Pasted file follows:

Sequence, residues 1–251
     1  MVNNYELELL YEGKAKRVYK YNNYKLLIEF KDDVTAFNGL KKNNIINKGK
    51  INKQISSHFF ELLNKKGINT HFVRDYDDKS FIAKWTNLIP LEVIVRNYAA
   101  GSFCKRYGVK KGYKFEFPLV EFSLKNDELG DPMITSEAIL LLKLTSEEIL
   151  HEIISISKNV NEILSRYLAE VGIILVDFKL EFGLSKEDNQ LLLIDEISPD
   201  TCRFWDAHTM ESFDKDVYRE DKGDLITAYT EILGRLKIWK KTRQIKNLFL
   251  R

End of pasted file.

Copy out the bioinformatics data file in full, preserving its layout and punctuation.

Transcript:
Sequence, residues 1–251
     1  MVNNYELELL YEGKAKRVYK YNNYKLLIEF KDDVTAFNGL KKNNIINKGK
    51  INKQISSHFF ELLNKKGINT HFVRDYDDKS FIAKWTNLIP LEVIVRNYAA
   101  GSFCKRYGVK KGYKFEFPLV EFSLKNDELG DPMITSEAIL LLKLTSEEIL
   151  HEIISISKNV NEILSRYLAE VGIILVDFKL EFGLSKEDNQ LLLIDEISPD
   201  TCRFWDAHTM ESFDKDVYRE DKGDLITAYT EILGRLKIWK KTRQIKNLFL
   251  R